Nevertheless Don Antonio retained possession of a few places, coined money, and exercised other acts of regal power ; but his affairs becoming more and more desperate, with some difficulty he made a second escape into France. From thence he passed over into England, where he was well received ; and as Elizabeth was equally hostile to the Spaniards, many privateers were covertly fitted out against them, under the commission of Antonio. After Philip, however, had weakened his power by the equipment of the armada, and lessened his credit by seeing it totally defeated, the queen of England openly espoused the cause of Don Antonio, as much with a view of avenging herself as of serving him ; and Sir John Norris and Sir Francis

Drake

Drake were sent with a powerful squadron and army to attempt seating him on the throne of Portugal.

It was on this occasion that he agreed to borrow 200,000 ducats of Muley Haniet, king of Fez and Morocco, for the repayment of which he delivered up his son Don Christopher as an hostage. But Philip, aware of the correspondence between them, by a deep stroke of policy surrendered Arzilatothe Moors, in order to put an end to the negotiation; and disputes arising between Norris and Drake, in consequence of an ill-concerted attack upon Corunna, the expedition, which had been undertaken with such favourable omens, terminated in nothing.

Antonio returned to England with the fleet, which imported the plague, the only memorable circumstance attending the expedition; but finding himself little regarded, he withdrew once more into France, where he fell into great poverty and distress. At length, after various vicissitudes of fortune, he departed this life in the 64th year of his age, and was buried in the church of the nuns of Ave Maria. He left several children behind him ; but having taken the vows of celibacy and chastity before their birth, they were regarded as illegitimate. To the last, he maintained a considerable interest in Portugal, and had at different times drawn immense sums of money from that kingdom; all which he squandered away in fruitless negotiations, and ineffectual attempts to disturb the Spanish possessions in every part of the globe.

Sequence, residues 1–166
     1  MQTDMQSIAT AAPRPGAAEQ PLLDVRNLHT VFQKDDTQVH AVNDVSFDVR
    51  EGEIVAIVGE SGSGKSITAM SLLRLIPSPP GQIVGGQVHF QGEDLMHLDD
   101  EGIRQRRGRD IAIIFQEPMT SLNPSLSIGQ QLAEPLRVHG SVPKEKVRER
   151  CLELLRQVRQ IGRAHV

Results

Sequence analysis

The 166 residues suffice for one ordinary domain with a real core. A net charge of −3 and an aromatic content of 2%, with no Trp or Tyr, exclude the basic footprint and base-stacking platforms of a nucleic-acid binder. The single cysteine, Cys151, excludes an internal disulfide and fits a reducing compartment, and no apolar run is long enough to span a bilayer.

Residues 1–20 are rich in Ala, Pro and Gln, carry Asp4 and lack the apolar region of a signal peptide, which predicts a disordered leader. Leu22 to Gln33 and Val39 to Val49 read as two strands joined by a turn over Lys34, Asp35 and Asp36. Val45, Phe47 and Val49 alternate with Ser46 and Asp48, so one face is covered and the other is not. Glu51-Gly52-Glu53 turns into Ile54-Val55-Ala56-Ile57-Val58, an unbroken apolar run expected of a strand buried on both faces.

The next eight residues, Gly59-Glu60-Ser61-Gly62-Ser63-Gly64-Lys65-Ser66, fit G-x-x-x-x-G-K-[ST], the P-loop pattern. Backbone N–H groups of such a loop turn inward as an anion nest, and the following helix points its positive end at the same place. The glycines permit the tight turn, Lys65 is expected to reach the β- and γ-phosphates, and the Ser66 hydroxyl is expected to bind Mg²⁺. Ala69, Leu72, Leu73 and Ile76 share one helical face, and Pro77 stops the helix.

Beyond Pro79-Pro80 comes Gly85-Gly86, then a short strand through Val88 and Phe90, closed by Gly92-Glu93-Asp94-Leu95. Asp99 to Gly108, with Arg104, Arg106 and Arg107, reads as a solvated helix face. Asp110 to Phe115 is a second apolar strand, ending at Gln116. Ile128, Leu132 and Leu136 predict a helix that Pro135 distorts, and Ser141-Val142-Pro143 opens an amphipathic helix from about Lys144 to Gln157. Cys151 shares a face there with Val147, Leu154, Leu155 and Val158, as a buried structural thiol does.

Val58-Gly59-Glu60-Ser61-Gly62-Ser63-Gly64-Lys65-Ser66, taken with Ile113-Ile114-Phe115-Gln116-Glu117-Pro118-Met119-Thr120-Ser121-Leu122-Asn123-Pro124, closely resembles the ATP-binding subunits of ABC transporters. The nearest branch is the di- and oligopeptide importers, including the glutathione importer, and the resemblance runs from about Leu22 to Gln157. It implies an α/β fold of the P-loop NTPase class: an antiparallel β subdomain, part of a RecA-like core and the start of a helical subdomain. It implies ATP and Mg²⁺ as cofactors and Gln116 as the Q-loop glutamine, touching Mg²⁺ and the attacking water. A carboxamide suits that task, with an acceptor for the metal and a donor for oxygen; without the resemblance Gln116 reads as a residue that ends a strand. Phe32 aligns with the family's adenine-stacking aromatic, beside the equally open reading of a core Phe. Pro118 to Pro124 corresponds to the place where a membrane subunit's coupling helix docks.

But Don Antonio was not the only person who set up claims to the crown of Portugal. The nation, as much from a detestation of the G 3

Spanish

Spanish yoke as a predilection for its hereditary kings, were continually amusing themselves with the hopes that Don Sebastian would appear, like another Messiah, for their deliverance. So strong was this prepossession, and such a degree of credulity reigned among the populace, that it was proverbially said, they would have taken a negro for Don Sebastian. This humour was sure to be gratified by the ambition of some and the folly of others. Without adverting again to that Sebastian who acted such a remarkable part at Venice, and whose pretensions as well as his ultimate fate are covered with an impene. trable veil, there were several pseudo Sebastians appeared in the heart of Portugal itself, two of whom we shall particularize. One was the son of a tiler at Alcobaza, who, after a short career of profligacy, turned hermit, and from his solitude burst forth as the real Sebastian. This ignorant pretender had two associates in his folly or his villany, for it is doubtful which predominated most, one of whom was styled Don Christopher de Tavora, the other the bishop of Guarda. These began to collect money, and were in a fair way of exciting serious disturbances, had not the cardinal arch-duke caused them to be apprehended, and after exposing the pretended Sebastian with every mark of ignominy, sentenced him to the gallies for life, while his friend, the self-consecrated bishop of Evora, was condemned to be hanged.

The second representative of Don Sebastian was Gonsalo Alvarez, the son of a mason. This man having promised to make the daughter of a rich yeoman his queen, through the influence of his intended father-in-law, raised a banditti of

nearly